A reflection on Matthew 13:47-50 for Sunday, September 12, 2021 at Mosaic Baptist Church
‘Again, the kingdom of heaven is like a net that was thrown into the sea and caught fish of every kind; when it was full, they drew it ashore, sat down, and put the good into baskets but threw out the bad. So it will be at the end of the age. The angels will come out and separate the evil from the righteous and throw them into the furnace of fire, where there will be weeping and gnashing of teeth.’
Matthew 13: 47-50 (NRSVA)
I wonder if there is good reason for the author of Matthew to situate this confronting parable immediately after two stories pointing to the value of the ‘kingdom of heaven’.
The sentiment Jesus offers here is not new. In the telling and explaining of the parable of the weeds and wheat there was already a clear indication of a time of reckoning. There we considered the possibility that that story pointed us in the direction of humility and a non-judgmental approach to the world. Neither we – nor the angels – can tell the weeds from wheat. That is impossible before the harvest.
Now we have a confirming parable with strong echoes of the harvest already attested to. Once again it is situated in the familiar. Fishing. A boat. Nets – and a catch. Fishermen sorting a catch was unlikely to be any more unusual that farmers scattering seed across their fields.
It seems that this separating of edible or sellable fish from anything else that was gathered in the angel’s nets is very deliberate. They wait for a catch. They bring their boat ashore. They sit and arrange the baskets. A conscious, deliberate, and careful sorting. The insistence that ‘every kind’ of fish is caught suggests an unimaginably – even provocatively – wide casting. Could this be a reference to the gospel for Jew and gentile? I suspect so.
The picture here is of good and evil being separated on a cosmic level.
We have an alarming tendency to read this as a sifting of the ‘good’ people from the bad. Worse, we read this as a separation of the Christians from the non-christians – as though claiming Jesus as ‘Lord’ was the same as being ‘good’ (see Matthew 7:21-27).
Aleksandr Solzhenitsyn provocatively wrote that ‘…the line dividing good and evil cuts through the heart of every human being. And who is willing to destroy a piece of his own heart?” According to this, if there is to be a separation it cannot not made along the lines of religious affiliation, or any dividing line between those who are pure and those who are evil.
Life is more complicated that that.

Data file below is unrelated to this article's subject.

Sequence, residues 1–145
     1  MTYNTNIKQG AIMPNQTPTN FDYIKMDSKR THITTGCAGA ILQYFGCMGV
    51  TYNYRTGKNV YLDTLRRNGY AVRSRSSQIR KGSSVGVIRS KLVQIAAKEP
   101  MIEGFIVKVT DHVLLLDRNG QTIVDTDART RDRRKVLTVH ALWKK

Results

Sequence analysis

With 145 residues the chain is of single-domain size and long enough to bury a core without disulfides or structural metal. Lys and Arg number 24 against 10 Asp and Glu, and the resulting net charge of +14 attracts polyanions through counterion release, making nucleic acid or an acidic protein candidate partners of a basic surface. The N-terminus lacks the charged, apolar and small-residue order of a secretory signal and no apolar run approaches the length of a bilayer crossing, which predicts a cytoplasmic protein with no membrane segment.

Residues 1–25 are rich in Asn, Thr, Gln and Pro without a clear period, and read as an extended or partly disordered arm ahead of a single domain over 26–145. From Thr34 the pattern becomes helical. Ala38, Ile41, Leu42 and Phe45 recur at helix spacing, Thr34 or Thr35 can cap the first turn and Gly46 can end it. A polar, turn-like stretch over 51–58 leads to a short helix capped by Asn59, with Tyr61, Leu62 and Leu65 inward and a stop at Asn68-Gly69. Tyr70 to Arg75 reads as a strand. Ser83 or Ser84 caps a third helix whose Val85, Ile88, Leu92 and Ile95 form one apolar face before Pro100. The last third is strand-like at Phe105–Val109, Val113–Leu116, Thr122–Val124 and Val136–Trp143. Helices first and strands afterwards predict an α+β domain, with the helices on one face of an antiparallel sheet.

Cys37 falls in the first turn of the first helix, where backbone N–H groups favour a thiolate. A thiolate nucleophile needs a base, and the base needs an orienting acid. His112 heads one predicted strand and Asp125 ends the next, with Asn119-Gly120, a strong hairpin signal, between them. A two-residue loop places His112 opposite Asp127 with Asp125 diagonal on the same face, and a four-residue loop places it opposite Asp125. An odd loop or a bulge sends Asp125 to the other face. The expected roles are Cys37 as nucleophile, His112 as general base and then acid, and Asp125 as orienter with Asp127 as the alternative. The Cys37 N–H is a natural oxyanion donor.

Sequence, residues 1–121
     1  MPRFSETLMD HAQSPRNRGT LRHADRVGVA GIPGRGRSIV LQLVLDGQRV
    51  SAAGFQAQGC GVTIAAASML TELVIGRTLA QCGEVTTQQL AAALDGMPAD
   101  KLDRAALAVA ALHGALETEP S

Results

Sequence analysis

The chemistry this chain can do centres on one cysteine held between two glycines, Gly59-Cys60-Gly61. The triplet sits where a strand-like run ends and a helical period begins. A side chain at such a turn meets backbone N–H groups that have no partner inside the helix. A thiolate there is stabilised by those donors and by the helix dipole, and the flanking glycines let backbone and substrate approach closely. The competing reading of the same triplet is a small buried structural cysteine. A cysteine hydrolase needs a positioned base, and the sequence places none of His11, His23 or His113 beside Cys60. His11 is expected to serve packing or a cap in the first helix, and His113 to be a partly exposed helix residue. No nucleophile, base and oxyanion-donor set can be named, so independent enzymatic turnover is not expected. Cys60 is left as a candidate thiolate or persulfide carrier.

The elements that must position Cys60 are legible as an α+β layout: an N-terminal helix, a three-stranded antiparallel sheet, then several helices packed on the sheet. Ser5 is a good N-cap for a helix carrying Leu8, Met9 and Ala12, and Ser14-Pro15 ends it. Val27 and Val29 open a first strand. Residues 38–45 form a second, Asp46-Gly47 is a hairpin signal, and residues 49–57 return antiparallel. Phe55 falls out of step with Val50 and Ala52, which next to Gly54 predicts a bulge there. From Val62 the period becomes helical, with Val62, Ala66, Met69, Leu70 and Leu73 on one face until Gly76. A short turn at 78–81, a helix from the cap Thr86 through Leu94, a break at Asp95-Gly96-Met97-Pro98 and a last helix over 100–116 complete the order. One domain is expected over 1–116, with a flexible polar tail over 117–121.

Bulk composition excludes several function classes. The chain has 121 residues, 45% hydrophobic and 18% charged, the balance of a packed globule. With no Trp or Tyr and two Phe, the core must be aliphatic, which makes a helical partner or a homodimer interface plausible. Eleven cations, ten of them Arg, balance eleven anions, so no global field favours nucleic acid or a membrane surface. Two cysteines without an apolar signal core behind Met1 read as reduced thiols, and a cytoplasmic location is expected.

I suspect this sifting is a making right of all things. An untangling of the web each of us is caught in by virtue of being both perpetrators and participants in the ego-centred – rather than God-centred – ways of this world. Each of us is wounded by ’evil‘. Each of us has also wounded with this same ‘evil’. Similarly, each has been blessed – and been a blessing – through the ‘good’ we have received and shown. None of us can easily be summed up as ‘good’ or ‘evil’.
The angels have a big task – one that is far beyond us – to make things right.
Perhaps it is this dividing of the heart that is alluded to by the ‘furnace of fire’. Certainly the word ’Hell’ is not used here and we do well to avoid inflicting its implications where neither Jesus nor Matthew use it.
As I alluded to at the beginning of this reflection, it may be that there is a stronger link between the two treasure parables situated immediately before this story. Could it be that the only one who is truly ready for this sifting is the one who has humbly and wisely ‘sold all’ for the kingdom?
Or could it be that the only way to be truly ready is to embrace the one who ‘sold all’ to find us – the treasure of heaven?
If so, that forgiveness and grace is truly a treasure found.
In what ways does this reading challenge that way you have been used to understanding this parable? How does this interpretation help? What further questions do you have about this parable?
The author quotes Aleksandr Solzhenitsyn: ‘…the line dividing good and evil cuts through the heart of every human being. And who is willing to destroy a piece of his own heart?” How do you respond to this statement? In what way might this allude to the pain of Matthew’s ‘fiery furnace’?